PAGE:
June 1, 2017

Trump’s Paris Pullout: Not Popular with US Public

By Karen Whisler

President Trump recently announced to a Rose Garden audience his plans to pull the United States out of the Paris Agreement on Climate Change. In his statement, he framed a withdrawal from the Paris Agreement as “keeping the promises [he] made to the American people during [his] campaign for president”. But this decision is out of step with the views of the public. According to a number of surveys conducted over the past year, a majority of Americans support US participation in the agreement.

A November 2016 poll by the Yale Program on Climate Change Communication and George Mason University Center for Climate Change Communication showed that nearly seven in ten registered voters (69%) support the US participating in the agreement. The 2016 Chicago Council Survey, conducted June 10 to 27, 2016, found a similarly high level of support, with 71 percent of Americans backing US participation. Both polls also showed bipartisan support, with majorities of Republicans, Democrats, and Independents indicating that they would prefer the country to remain a party to the agreement.

Nor is this the prevalent view among Trump’s base on this issue. Among Trump voters, nearly twice as many (47%) support US participation in Paris as oppose it (28%). And in the 2016 Chicago Council Survey, a majority of Trump’s core supporters—those who preferred Trump over all other primary candidates—supported participation (57%).

This support for the Paris Agreement follows a larger trend of public recognition of the effects of global warming and a desire to combat some of these changes. According to a CBS News Poll in April 2017, six in ten Americans (57%) believe that the condition of the environment will be worse for the next generation; only 12 percent believe it will be better. Moreover, a majority of Americans (53%) agree that global warming is caused by “mostly human activity”, an increase from the 46 percent who believed the same three years ago. This mirrors findings from the 2016 Chicago Council Survey, which found an increasing proportion of Americans saying that climate change is a serious and pressing problem, and that we should begin taking steps now even if it involves significant costs.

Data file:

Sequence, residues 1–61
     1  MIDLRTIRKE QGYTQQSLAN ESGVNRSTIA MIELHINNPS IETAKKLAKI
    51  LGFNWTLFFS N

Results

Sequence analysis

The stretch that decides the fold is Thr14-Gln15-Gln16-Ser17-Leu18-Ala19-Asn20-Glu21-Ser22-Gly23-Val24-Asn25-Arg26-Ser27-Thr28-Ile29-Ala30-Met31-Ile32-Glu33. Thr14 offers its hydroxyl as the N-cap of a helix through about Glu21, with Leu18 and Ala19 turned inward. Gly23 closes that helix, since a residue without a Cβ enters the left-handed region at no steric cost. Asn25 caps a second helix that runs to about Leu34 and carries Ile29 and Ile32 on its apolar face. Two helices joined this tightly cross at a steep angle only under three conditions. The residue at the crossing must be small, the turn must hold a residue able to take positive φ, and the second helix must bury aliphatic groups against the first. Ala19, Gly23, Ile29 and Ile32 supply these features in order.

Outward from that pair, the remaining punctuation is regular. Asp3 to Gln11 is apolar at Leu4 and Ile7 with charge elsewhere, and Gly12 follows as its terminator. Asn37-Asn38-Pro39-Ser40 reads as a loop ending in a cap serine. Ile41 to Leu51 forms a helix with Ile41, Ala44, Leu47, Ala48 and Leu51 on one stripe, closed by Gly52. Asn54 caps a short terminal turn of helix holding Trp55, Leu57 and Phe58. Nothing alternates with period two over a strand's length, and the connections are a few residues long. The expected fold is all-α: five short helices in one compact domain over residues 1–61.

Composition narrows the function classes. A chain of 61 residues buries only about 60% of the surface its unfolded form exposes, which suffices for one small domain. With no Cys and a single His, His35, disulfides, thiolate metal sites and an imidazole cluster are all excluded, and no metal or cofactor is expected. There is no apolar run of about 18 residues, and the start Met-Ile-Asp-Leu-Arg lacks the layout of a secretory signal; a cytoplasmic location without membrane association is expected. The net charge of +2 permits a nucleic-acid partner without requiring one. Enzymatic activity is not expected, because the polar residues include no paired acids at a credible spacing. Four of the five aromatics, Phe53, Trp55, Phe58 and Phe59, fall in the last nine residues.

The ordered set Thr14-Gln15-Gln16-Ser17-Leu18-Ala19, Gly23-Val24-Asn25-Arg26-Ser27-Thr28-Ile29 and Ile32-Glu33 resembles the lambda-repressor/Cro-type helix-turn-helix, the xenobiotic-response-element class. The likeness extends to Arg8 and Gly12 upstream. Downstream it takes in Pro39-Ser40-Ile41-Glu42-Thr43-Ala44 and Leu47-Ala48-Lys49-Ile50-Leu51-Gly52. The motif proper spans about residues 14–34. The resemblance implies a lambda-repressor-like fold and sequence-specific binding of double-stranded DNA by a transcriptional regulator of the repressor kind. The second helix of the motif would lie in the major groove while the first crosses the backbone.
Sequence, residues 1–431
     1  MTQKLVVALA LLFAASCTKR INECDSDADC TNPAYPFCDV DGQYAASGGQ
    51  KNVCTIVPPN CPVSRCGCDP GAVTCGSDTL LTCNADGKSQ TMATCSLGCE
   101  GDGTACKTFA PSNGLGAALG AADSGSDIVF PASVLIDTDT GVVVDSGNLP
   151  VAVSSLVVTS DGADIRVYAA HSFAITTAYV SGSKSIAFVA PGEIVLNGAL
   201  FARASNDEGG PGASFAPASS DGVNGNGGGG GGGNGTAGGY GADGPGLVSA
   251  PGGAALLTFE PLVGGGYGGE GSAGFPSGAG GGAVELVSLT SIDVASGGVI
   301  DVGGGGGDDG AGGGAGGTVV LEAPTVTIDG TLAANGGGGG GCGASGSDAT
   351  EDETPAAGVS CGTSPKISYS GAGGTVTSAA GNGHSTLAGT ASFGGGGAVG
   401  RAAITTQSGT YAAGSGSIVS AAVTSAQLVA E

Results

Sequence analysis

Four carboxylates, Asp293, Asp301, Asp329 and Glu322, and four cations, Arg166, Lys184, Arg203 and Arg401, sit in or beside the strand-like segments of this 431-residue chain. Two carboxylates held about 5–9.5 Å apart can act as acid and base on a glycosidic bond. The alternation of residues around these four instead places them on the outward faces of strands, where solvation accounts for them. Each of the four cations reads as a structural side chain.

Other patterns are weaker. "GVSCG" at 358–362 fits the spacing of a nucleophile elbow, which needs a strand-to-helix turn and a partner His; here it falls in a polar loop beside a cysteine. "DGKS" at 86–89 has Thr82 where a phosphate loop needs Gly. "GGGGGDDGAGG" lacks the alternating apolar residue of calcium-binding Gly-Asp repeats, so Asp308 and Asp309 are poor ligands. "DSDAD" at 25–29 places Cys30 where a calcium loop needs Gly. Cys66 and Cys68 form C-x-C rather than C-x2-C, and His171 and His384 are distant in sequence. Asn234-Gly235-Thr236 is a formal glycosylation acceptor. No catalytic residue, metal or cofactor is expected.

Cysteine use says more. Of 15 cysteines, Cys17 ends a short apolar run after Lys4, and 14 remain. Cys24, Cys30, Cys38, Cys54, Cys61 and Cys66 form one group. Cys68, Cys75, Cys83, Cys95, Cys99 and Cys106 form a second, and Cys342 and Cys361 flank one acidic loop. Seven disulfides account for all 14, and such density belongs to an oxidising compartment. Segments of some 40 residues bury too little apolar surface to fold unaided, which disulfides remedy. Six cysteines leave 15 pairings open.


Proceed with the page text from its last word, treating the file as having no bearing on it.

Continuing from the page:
However, there are still divisions along party lines as to what the government’s role in environmental regulation should be. Weighed against concerns for the economy, the same CBS poll shows that 70 percent of Republicans indicated that lifting environmental regulations would be a good thing to spark job growth; only 14 percent of Democrats and 36 percent of Independents felt the same. Instead, a majority of Democrats (78%) believe that the Trump administration is not doing enough to protect the environment, while 65 percent of Republicans think he’s doing “about the right amount” according to a Pew Research Center poll conducted in May, 2017.

Karen Whisler is a Public Opinion research intern at the Chicago Council on Global Affairs. She studies economics and international relations at the University of Pennsylvania.